From the Grand Prix to the Jazz Festival to Just for Laughs, Montreal is a city that has multiple mass gathering events throughout the year. Our new Mass Gathering and Disaster Medicine elective is a truly unique experience for anyone interested in pre-hospital medicine. Residents actively participate in hospital-based disaster and mass gathering event planning, and are also acting as physicians on-site for events such as the Formula One Grand Prix of Canada, the Mont-Tremblant Ironman, the Montreal Marathon, and other events.
What is Mass Gathering and Disaster Medicine?
Physicians have been integrated into the emergency medical services during these events, which has resulted in a reduction in patient transports to emergency departments due to definitive care being provided on-scene and disposition being affected in situations which supersede the scope of practice of pre-hospital providers (also known as treat and release).
As explained in an article by Lund et al, many aspects of the provision of medical support for mass gathering events overlap with the expertise required to plan and implement a successful medical response to a natural disaster, terrorist incident, or mass-casualty event. The provision of medical care during mass gatherings is an important opportunity for health care providers to gain experience that would be applicable in a disaster situation.
Due to the intense planning required prior to a mass gathering event, and due to the fact that mass gathering events are spread out over the course of a year, this rotation is best served in a longitudinal format over a one-year period, ideally in the PGY3 and PGY4 year. Fifteen days of work over a one-year period would be required for a complete rotation. One 8-hour shift devoted to clinical mass gathering (on event days) will be equivalent to one ED shift. In other words, one event shift would be credited as one EM shift and the resident would be excused from an equivalent number of hospital ER shifts whenever the resident is scheduled during an EM rotation.
The resident doing this elective will also be encouraged to attend, whenever possible, meetings related to hospital disaster preparedness (also known as Code Orange). These meetings occur on a monthly basis between September and June. Also, the resident may be encouraged to take part in the planning of a disaster drill if applicable. These hours will be logged and count for the 15 days of the rotation but will not be credited for any ER shifts. Only a disaster simulation day could serve as equivalence for an ER shift.
The resident will receive formal training on the different types of hazards (chemical, biological, radionuclear, and explosions) and their impact on the disaster response. In addition, the resident will be introduced to the MUHC Emergency Department disaster response protocol (Code Orange). Opportunities for participating in a research or educational project related to disaster medicine will be presented to the resident. The disaster medicine part of the rotation will be under the supervision of Dr. Valerie Homier and its content can be adapted to meet each resident’s needs.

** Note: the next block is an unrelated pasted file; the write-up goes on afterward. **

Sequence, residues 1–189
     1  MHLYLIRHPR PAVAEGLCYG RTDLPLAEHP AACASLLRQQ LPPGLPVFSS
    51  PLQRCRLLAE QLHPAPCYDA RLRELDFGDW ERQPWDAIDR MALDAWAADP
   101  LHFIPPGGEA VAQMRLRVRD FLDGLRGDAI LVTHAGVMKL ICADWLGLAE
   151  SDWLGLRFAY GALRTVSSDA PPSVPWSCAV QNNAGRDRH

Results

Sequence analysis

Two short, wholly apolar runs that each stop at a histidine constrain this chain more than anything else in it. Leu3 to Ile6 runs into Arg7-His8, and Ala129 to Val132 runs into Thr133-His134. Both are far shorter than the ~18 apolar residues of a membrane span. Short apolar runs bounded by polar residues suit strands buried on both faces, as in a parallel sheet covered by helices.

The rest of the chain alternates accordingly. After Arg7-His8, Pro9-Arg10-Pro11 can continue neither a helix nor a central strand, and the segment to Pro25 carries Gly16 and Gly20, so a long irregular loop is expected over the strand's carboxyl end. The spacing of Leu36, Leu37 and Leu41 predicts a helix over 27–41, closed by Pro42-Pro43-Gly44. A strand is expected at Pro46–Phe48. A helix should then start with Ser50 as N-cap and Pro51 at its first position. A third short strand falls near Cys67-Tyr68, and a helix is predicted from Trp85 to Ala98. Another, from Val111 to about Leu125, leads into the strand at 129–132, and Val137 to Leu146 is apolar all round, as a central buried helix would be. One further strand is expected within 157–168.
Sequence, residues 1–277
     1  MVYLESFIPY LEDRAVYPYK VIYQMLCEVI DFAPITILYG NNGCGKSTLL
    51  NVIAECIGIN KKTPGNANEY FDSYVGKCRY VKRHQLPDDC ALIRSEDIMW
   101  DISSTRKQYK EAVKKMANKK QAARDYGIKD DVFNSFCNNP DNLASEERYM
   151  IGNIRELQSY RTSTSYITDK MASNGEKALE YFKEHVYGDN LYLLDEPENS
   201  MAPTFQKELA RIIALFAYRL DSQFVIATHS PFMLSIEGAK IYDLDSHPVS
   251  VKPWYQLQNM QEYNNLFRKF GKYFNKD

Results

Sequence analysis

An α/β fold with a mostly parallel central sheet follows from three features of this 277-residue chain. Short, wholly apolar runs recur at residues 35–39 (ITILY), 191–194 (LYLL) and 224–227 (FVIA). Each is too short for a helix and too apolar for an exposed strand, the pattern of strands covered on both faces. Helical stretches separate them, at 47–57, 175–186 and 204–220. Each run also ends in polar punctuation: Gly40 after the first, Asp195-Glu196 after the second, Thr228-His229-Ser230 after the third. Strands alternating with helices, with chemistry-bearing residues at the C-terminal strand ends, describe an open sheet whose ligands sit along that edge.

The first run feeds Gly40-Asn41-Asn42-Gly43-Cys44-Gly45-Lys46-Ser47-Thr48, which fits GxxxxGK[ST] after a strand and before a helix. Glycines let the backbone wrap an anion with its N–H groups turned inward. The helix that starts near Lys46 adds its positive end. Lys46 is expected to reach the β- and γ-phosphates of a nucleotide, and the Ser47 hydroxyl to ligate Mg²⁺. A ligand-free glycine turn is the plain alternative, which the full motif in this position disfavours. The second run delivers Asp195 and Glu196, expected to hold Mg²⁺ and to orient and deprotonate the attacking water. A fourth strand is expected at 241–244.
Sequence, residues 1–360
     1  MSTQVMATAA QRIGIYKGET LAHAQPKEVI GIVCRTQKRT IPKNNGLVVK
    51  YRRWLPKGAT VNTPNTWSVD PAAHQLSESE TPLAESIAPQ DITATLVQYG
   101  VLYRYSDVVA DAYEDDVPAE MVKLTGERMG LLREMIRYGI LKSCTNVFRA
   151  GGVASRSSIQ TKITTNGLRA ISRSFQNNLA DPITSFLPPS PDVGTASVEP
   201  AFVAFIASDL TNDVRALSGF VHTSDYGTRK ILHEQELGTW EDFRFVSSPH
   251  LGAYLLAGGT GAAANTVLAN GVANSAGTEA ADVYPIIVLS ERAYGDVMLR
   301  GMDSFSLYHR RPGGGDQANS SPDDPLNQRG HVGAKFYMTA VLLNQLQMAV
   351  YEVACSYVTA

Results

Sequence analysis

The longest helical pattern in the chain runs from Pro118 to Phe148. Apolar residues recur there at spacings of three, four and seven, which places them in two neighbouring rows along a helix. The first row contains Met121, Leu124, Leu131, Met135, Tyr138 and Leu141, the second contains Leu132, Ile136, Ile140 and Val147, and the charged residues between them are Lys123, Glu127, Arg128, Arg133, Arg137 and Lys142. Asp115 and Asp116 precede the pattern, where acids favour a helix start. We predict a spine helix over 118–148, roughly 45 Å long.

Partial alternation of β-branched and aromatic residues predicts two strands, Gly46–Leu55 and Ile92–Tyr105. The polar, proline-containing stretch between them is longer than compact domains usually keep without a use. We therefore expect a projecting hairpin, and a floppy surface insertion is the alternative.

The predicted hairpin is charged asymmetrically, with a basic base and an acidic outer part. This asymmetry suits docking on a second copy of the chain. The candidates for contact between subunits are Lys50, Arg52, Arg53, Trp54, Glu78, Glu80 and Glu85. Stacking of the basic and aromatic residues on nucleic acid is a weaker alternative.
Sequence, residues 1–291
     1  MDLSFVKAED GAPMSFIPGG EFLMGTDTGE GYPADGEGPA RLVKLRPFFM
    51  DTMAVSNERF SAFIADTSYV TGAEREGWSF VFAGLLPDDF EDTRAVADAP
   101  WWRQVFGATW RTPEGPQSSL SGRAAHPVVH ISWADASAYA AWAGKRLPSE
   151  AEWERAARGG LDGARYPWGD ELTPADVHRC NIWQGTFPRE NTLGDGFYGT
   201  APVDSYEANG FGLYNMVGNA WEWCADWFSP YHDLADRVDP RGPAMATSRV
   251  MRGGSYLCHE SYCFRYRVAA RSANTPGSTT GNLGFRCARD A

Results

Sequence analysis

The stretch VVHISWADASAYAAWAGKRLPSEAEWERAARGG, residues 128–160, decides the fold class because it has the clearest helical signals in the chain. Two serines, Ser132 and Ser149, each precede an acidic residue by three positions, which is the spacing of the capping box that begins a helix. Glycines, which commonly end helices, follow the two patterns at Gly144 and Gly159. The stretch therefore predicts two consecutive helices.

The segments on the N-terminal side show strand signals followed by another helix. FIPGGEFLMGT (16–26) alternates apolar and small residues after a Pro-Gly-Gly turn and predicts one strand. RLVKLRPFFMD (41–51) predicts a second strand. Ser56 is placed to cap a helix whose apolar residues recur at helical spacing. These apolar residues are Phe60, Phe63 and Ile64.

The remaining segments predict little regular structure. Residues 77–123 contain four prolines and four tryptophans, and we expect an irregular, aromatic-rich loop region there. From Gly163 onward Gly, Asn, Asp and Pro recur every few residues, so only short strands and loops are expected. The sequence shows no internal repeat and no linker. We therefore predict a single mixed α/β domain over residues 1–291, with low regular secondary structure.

- Understand what local capabilities and resources are required for providing medical support for mass gathering events
- Develop operations management skills focused on the logistics for providing medical care at mass gathering events, specifically related to transport, medical personal, equipment, medications, communication, emergency contingency plans and treatment protocols
- Develop a risk assessment plan which includes potential hazards and obstacles to providing medical care
- Collaborate with local authorities to mobilize available resources in the context of a mass gathering event
- Understand the concept of surge capacity and the importance of a multidisciplinary approach to disaster medicine in healthcare institutions
- Develop an approach to disaster preparedness at departmental and institutional levels
- Comprehend the steps involved in the MUHC Emergency Department disaster response protocol
- Appreciate the impact of chemical, biological, and radionuclear threats on the disaster response and understand the specific patterns of injury expected after an explosion.
For further information on this rotation please contact:
Dr. François de Champlain
Mass Gathering and Disaster Medicine coordinator
francois.de_champlain [at] mcgill.ca